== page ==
But he refused to be Syed and accepted Shah Inayat as his Murshid after gaining the opposition of all. And out of that racial pride, he reorganized himself and emerged as a new man free from all past prejudices. For these acts had to face strong opposition from his family, caste and believers.

He remained firm, endured all kinds of curses, and responded to them with his poetry and deeds.

Practical Steps for Lower-Class

When he was being punished for destroying racial pride, he started rearing donkeys, which was the lowest class in that era. And no respectable person could do that. He brought himself to the lowest level of society and became a practical part of it.

Poetic Career

He lived after saint and Sufi poet of Pashto language Rehman Baba. His poetic career also overlapped with Sufi poet of Sindhi language Abdul Wahab popularly known by his literary name Sachal Sarmast and Punjab poet Waris Shah famous for Heer Ranjha.

He practised Sufi tradition of the Punjabi poetry compiled by legendary poets like Shah Sharaf, Sultan Bahu, and Shah Hussein. Bulleh Shah poetry is still evergreen.

Bulleh Shah Shayari

Kafis by Shah

The form of verse he mainly employed is ‘Kafi’ that is a classical type of Sufi music and is most liked in Sindhi and Punjabi poetry. Many musicians have used his kafis into music, from street-singers to legendary singers like Waddali Brothers, Abida Parveen, Sain Zahoor, Nusrat Fateh Ali Khan, Pathanay Khan, from Pakistani rock-band ‘Junoon’ to synthesized qawwali remixes of the U.K. based artists.

Use of Shah’s Kalam in Modern Arts

The Pakistani rock band Junoon rendered Shah’s poems ‘Aleph’ and ‘Bullah Ke Jana’ in the 1990s. An Indian music artist Rabbi Shergill turned his metaphysical poem ‘Bullah Ke Jana’ into fusion/rock song in his 1st album Rabbi. The song topped the charts in 2005 leading to more than ten-thousand copies of the album and received popularity in India and Pakistan.

India-based Punjabi Sufi team ‘Wadali Bandhu’ made a version of ‘Bullah Ke Jana’ in their music album ‘Aa Mil Yar. Lakhwinder Wadali performed another version and named it ‘Bullah.’

Rendering of Dama Dam Mast Qalandar

The famous qawwali ‘Dama Dam Mast Qalandar’ composed to pay tribute to renowned Sufi-saint and religious-poet Shehbaz Qalandar is the most famous poem of Shah. And many Bangladeshi, Indian, and Pakistani singers including Runa Laila, Rehman, Wadali Brothers, Sabri Brothers, Abida Parveen, Nusrat Fateh Ali Khan, and Noor Jehan have rendered it many times. His other popular qawwali songs are Mera Piya Ghar Aya,’ and ‘Saday Vehray Aya Kar.’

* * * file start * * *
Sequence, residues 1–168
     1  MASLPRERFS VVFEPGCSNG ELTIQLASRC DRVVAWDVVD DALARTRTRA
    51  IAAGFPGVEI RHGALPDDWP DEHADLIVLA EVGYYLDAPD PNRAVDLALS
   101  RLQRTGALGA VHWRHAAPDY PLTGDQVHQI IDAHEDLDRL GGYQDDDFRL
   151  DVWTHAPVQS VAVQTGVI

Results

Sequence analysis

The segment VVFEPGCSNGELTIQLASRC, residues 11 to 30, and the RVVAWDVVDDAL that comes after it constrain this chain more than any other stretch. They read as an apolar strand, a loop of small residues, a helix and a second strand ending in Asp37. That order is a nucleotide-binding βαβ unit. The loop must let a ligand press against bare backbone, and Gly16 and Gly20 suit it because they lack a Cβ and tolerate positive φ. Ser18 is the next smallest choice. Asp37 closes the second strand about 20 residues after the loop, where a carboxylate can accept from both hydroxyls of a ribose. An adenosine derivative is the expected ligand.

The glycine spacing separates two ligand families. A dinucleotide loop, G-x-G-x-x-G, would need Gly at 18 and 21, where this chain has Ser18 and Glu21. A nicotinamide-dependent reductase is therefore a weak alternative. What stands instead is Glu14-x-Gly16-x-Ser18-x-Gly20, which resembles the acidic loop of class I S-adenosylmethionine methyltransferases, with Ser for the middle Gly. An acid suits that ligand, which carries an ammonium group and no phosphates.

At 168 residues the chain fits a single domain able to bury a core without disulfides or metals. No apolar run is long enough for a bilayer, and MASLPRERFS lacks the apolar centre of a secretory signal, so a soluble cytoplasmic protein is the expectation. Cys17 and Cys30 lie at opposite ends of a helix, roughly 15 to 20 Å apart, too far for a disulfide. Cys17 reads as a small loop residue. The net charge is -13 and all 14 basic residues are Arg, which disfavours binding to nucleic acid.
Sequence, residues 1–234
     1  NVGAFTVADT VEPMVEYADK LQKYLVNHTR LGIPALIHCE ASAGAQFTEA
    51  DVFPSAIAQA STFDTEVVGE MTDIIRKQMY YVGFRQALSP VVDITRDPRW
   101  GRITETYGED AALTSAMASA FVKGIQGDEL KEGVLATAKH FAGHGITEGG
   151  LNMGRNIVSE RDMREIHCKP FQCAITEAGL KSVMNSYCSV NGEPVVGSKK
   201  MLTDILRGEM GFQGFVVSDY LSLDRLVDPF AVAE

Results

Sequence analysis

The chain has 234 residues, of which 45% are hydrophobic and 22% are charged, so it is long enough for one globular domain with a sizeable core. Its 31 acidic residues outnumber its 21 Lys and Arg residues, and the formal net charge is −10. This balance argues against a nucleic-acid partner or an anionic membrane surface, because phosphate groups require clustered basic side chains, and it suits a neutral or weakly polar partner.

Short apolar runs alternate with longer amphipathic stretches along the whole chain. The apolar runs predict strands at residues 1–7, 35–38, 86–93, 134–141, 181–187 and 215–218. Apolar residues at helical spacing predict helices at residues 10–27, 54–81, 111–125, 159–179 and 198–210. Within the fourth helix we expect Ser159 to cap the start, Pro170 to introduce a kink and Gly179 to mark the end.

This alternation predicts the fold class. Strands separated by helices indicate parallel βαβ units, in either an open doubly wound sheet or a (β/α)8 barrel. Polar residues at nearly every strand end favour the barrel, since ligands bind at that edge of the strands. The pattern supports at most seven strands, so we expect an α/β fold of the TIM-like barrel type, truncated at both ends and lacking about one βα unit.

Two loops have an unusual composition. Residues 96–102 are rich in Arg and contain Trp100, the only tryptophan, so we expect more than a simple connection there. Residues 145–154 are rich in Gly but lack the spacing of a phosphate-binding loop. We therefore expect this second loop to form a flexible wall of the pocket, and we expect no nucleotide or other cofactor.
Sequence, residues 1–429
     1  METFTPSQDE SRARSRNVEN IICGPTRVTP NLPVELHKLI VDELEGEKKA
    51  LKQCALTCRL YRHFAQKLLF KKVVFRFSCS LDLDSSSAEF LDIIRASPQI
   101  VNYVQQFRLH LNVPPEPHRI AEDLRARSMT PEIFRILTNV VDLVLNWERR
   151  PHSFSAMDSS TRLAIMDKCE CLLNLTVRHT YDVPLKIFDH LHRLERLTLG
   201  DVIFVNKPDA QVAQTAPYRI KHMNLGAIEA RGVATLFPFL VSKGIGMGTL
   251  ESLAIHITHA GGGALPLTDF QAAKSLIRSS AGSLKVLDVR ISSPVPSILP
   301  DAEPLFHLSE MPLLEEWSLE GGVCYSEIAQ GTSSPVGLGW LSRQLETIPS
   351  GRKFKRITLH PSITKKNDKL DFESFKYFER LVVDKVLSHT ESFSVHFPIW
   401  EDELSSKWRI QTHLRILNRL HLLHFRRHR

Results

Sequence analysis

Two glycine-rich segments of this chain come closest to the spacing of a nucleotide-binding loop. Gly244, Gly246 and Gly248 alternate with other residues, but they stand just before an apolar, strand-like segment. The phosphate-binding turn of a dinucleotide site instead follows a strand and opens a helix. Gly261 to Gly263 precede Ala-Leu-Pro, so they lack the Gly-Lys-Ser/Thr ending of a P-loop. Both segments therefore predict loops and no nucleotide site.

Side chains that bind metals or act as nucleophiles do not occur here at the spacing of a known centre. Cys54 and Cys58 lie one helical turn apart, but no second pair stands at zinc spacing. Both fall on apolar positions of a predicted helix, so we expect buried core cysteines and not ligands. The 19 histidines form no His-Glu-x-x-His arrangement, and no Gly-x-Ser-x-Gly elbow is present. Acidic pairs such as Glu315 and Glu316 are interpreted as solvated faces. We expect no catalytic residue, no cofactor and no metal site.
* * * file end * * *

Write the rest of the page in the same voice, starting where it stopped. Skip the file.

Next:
Use of Shah’s Verses in Paintings

His verses are an inspiration for painters. An India-based painter Geeta Vadhera has displayed this inspiration and love for Shah’s verses in her 2-painting series ‘Shah Shabad,’ and ‘Jogia Dhoop.’ An England-based Pakistani musician Yasir Akhter used Shah’s poetry in his song ‘Aram Naal Ker’.

In 2019 Indian lyricist, musician and composer Sona Mohapatra used his Kalam in her song ‘R.A.T. Mashup.’

Bulleh Shah Books

Movies

The song of 1973 film Bobby sung by Narendra Chanchal begins with the verse ‘Beshak Mandir Masjid Toro Bulleh Shah Yeh Kehta.’ Some of his verses like ‘Terry Ishaq Nachaaya’ have been employed and adapted in songs of Indian movies including ‘Thaya Thaya,’ and ‘Chaiyyan Chaiyyan’ in film Dil Sey released in 1998, and ‘Ranjhaa Ranjhaa’ in film Rayan released in 2010.

Lollywood movie ‘Khuda Ke Lye’ released in 2007 has his poetry in song ‘Bulleh Shah O Yar Meray.’ Ali Zafar sang his few verses ‘Chal Bulleya’ for a Bollywood album ‘Total Siyapa’ and reprised the song in Pakistan Idol in that same year. The Bollywood movies of 2016 Aey Dil Hei Mushkil,’ and ‘Sultan’ included the song ‘Bulleyah’ sung by Amit Mishra and Sultan.  His poetry was also utilized in the film ‘Wedding Pullav’ released in 2015.

Coke Studio

The coke studio’s season 2 featured ‘Aik Alif’ in 2009, which Noori and Sain Zahoor performed. Famous singer Ali Zafar also employed some verses of Shah Hussein and Bulleh Shah in his ‘Dastaan-e-Ishq.’ In season three broadcasted in 2010 Arieb Azhar performed on ‘Makke Gayan Gal Mukddi Nahin,’ and ‘Na Rainde Hei.’

In season eleven’s 3rd episode Abu Mohammad Qawwal brothers and Farid Ayaz performed the Qawwali based on Shah’s Kalam. In season twelve Hadiqa used his verses in song ‘Dachi Waleya.’

Bulleh Shah poetry

Bulleh Shah Death

He passed away in 1757 at seventy-seven and was embedded in Kasur, and a shrine was constructed over his mausoleum. Some Mullah of Kasur declared him non-Muslim, and his funeral prayer was prohibited. A great and senior religious figure Qazi Hafiz Syed Zahid led his funeral prayer. The shrine’s ceiling is decorated with his verses in stylish and elegant calligraphy.